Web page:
MIT Reports to the President 1994-95

Aga Khan Program for Islamic Architecture

The Aga Khan Program for Islamic Architecture (AKPIA), established in 1979, functions jointly at MIT and Harvard University to promote research and teaching concerning architecture and urbanism in countries with Islamic societies. Generous gifts from His Highness the Aga Khan support the AKPIA through endowed funds that provide for faculty, student financial aid, library facilities, and research; annually received current funding also supports teaching and student financial aid, in addition to publications and outreach activities. The central office, located at MIT, serves as a liaison for activities at both universities; coordinates joint, program-wide activities; and maintains an exchange of fiscal and substantive information between the program and the donor.

During the 1994-95 academic year, the central office continued its communications and outreach work for the program. Internal communication between and among students, faculty, staff, and the Harvard and MIT communities functioned through the AKPIA monthly calendar, which alerted the community of program activities, staff travel, program meetings, and special events. A lecture series at MIT was organized each semester by Aga Khan Professor Attilio Petruccioli. The fall series consisted of five speakers: Jan Pieper ,Technische Hochschule, Aachen, Germany; Mahvash Alemi, University of Rome; Ivor Samuels, Joint Centre for Urban Design at Oxford Brooke University; Abdullah Hanna, Damascus and Aleppo Universities; and Heinz Gaube, Orientalisches Seminar der Universität Tübingen, Germany. The spring semester lecture series was titled "Casbah and Medina: Islamic Towns of the Mediterranean," and the speakers were: Amir Pasic, Research Centre for Islamic History, Art and Culture, Istanbul; Susan Miller, Center for Middle Eastern Studies at Harvard University; Serge Santelli, School of Architecture at Paris-Belleville; André Raymond, University of Provence, Aix-en-Provence; and Maurice Cerasi, University of Genoa. Other lectures were given by AKP Visiting Scholar Shakeel Hossain, Moroccan architect Mohamed Fawzi Zniber, Algerian architect Latifa Chouider, and Enrico Genovesi of the University of Rome.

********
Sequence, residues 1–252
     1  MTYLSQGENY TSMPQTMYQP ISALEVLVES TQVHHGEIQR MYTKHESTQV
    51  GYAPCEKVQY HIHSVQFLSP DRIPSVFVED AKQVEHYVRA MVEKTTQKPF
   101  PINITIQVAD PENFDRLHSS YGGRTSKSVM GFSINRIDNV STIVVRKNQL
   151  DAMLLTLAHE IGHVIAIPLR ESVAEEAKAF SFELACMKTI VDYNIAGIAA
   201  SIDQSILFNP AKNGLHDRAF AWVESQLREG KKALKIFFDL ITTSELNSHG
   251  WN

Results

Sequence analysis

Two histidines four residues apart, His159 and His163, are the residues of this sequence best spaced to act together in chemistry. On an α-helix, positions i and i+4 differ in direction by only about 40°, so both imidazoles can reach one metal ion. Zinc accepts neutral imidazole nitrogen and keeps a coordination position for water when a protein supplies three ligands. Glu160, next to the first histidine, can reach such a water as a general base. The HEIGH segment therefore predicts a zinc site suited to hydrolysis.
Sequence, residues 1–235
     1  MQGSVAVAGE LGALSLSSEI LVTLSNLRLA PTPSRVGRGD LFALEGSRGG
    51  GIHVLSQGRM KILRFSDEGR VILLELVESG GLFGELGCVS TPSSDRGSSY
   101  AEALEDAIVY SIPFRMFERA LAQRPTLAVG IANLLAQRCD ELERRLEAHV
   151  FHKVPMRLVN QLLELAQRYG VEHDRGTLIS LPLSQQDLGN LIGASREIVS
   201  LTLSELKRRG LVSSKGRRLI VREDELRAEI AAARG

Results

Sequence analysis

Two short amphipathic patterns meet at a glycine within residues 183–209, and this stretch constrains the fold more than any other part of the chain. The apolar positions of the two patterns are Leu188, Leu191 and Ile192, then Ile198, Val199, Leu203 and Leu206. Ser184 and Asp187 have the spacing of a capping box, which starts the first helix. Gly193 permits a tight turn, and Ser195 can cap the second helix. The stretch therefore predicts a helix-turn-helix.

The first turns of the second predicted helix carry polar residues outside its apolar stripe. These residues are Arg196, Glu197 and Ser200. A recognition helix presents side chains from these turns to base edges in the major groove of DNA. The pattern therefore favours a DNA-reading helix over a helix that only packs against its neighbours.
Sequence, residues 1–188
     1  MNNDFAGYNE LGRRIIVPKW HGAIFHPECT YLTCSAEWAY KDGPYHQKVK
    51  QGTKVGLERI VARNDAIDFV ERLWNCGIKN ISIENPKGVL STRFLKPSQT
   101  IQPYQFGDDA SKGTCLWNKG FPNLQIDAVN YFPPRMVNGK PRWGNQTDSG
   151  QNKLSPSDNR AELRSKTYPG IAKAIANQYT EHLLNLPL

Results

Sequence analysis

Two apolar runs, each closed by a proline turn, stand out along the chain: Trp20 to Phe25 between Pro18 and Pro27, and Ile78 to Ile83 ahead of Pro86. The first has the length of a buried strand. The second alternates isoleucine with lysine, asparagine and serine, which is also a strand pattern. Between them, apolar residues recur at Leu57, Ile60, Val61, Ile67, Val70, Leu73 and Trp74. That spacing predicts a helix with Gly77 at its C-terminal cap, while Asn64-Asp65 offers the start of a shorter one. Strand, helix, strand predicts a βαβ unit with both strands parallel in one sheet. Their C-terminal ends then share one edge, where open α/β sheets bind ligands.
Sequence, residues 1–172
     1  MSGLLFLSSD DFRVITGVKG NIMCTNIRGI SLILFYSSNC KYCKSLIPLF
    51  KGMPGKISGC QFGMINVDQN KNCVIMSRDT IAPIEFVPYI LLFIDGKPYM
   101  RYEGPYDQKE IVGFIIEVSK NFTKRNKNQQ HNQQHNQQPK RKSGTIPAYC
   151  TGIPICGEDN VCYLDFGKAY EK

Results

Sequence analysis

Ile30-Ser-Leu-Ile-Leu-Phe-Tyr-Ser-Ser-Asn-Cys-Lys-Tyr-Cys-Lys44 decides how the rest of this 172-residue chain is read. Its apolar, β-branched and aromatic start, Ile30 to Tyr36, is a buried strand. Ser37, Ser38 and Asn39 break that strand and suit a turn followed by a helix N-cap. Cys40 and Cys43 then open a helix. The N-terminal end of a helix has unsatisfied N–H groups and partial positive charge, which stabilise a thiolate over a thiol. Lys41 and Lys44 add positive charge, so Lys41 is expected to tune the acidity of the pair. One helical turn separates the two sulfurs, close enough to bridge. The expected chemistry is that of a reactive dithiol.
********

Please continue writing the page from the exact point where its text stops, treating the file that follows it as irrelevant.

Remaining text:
Two international conferences were organized by Aga Khan Professor Attilio Petruccioli, sponsored by the AKPIA, and held at MIT. The fall conference, "From Place to Type: Theory and Design of Gardens During the Time of Great Muslim Empires," brought together experts in the field such as Jim Wescoat, University of Colorado; Mirka Benes, Graduate School of Design, Harvard University; Robert D. McChesney, New York University; Maria Eva Subtelny, University of Toronto; John Dixon Hunt, University of Pennsylvania; Mahvash Alemi; Ebba Koch, University of Vienna; D. Fairchild Ruggles and Claudia Lazzaro, Cornell University; and Aga Khan Professor Gülru Necipoglu, Harvard University. The spring conference, "Typological Process and Design Theory," presented Serge Santelli; Giuseppe Strappa, the University of Bari, Italy; Karl Kropf, University of Birmingham; Anne Vernez Moudon, University of Washington; Maurice Cerasi; Francesco Giovanetti, Municipality of Rome; and Giancarlo Cataldi, University of Florence. Professor Petruccioli presented at both conferences.

The central office was pivotal in planning, preparing, and fundraising for the "Mostar 2004" workshop that was held in Istanbul from 25 July to 25 August. The workshop was conceived by Dr. Amir Pasic, 1994 AKP Visiting Scholar. The purpose of the workshop was to prepare an urban restoration plan and methodology of approach for the first stage of restoration of Mostar's Old Town through the participation and assistance of an international, multicultural group of students and professionals working together. Professors Bozdogan and Petruccioli participated in the international seminar that took place at IRCICA and Yildiz University.